The Character of Consciousness
David Bourget (Western Ontario)
David Chalmers (ANU, NYU)
Rafael De Clercq
Jack Alan Reynolds
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Oxford University Press (2010)
What is consciousness? How does the subjective character of consciousness fit into an objective world? How can there be a science of consciousness? In this sequel to his groundbreaking and controversial The Conscious Mind, David Chalmers develops a unified framework that addresses these questions and many others. Starting with a statement of the "hard problem" of consciousness, Chalmers builds a positive framework for the science of consciousness and a nonreductive vision of the metaphysics of consciousness. He replies to many critics of The Conscious Mind, and then develops a positive theory in new directions. The book includes original accounts of how we think and know about consciousness, of the unity of consciousness, and of how consciousness relates to the external world. Along the way, Chalmers develops many provocative ideas: the "consciousness meter", the Garden of Eden as a model of perceptual experience, and The Matrix as a guide to the deepest philosophical problems about consciousness and the external world. This book will be required reading for anyone interested in the problems of mind, brain, consciousness, and reality.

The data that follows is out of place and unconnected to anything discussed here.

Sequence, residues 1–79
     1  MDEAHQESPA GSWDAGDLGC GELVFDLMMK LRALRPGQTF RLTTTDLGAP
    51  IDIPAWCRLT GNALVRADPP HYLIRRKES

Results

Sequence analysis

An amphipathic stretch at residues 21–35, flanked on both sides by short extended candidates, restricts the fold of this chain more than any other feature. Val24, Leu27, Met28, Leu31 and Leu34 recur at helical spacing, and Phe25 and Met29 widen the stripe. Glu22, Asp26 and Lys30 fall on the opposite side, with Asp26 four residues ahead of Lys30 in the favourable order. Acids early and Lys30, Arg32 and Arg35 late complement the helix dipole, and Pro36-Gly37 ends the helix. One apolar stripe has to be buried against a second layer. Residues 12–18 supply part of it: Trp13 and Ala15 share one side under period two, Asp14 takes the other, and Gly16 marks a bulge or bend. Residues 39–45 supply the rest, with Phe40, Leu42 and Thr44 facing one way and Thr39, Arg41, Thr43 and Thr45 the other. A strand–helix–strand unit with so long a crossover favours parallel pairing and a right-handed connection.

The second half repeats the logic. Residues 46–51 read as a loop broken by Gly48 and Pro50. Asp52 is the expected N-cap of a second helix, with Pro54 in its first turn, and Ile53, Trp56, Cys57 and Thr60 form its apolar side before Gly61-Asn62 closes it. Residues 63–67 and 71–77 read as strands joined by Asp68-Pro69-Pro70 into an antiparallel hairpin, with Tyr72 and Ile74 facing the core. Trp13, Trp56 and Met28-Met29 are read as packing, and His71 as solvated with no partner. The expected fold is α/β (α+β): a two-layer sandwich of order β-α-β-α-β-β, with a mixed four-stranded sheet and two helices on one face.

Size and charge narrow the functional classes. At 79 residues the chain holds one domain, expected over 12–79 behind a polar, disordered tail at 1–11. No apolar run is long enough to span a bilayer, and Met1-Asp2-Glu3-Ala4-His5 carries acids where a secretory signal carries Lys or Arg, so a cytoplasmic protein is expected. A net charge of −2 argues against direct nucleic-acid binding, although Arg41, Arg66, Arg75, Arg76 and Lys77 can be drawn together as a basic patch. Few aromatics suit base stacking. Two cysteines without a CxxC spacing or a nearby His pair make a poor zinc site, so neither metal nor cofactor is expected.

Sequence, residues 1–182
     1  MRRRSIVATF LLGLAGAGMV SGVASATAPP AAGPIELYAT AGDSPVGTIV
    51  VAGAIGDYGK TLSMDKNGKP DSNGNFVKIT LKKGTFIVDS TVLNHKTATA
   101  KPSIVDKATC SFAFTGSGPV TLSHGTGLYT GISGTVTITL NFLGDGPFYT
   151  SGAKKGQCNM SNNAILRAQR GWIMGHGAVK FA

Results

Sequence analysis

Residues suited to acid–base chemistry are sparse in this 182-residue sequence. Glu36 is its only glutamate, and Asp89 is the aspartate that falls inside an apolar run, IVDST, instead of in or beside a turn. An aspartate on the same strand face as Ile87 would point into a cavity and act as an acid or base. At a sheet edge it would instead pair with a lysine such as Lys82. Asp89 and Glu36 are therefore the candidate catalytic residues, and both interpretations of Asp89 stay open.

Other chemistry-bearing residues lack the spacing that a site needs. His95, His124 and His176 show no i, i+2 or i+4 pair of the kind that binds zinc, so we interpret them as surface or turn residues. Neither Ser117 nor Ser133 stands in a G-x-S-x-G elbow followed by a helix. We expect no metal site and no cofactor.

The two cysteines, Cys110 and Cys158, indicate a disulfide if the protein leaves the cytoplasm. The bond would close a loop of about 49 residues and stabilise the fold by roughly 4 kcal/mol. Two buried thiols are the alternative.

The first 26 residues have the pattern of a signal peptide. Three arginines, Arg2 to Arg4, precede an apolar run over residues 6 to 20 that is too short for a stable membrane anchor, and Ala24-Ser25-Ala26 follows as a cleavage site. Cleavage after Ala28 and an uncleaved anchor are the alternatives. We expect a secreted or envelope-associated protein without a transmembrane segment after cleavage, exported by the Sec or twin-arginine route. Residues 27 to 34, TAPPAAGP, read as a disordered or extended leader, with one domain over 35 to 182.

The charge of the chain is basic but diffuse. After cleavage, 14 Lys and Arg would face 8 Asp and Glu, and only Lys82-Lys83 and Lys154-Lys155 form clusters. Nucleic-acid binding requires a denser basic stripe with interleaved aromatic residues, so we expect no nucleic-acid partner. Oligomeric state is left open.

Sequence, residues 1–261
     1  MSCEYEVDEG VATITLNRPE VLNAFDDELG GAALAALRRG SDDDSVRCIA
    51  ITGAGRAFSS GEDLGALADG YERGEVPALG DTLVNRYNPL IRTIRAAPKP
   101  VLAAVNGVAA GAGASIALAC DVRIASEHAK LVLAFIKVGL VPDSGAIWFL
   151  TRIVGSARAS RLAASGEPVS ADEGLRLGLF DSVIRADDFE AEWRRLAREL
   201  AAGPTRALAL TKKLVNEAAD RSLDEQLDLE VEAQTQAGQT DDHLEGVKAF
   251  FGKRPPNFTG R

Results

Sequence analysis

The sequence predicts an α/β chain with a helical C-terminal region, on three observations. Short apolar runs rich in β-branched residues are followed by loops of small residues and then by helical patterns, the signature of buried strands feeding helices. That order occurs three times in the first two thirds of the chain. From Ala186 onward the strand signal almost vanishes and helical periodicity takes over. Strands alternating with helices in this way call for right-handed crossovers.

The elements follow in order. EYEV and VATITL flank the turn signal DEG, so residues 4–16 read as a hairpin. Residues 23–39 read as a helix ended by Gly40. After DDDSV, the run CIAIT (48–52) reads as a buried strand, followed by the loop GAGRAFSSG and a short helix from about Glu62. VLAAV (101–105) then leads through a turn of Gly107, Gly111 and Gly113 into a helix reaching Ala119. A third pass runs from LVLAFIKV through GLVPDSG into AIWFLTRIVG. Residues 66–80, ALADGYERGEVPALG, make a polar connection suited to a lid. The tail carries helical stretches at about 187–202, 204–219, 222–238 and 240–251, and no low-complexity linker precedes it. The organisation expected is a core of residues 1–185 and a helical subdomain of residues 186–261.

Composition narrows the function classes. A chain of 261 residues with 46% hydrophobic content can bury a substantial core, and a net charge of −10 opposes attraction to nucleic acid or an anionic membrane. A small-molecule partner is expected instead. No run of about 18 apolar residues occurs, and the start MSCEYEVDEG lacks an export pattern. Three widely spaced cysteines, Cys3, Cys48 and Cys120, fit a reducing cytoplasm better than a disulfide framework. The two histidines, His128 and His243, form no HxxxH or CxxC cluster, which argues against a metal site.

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Gunnar Breivik (2013). Zombie-Like or Superconscious? A Phenomenological and Conceptual Analysis of Consciousness in Elite Sport. Journal of the Philosophy of Sport 40 (1):85-106.
Richard Brown (2015). The HOROR Theory of Phenomenal Consciousness. Philosophical Studies 172 (7):1783-1794.
Andreas Elpidorou (2013). Having It Both Ways: Consciousness, Unique Not Otherworldly. Philosophia 41 (4):1181-1203.
Cynthia Macdonald (2014). In My ‘Mind’s Eye’: Introspectionism, Detectivism, and the Basis of Authoritative Self-Knowledge. Synthese (15):1-26.
Farid Masrour (2015). The Geometry of Visual Space and the Nature of Visual Experience. Philosophical Studies 172 (7):1813-1832.
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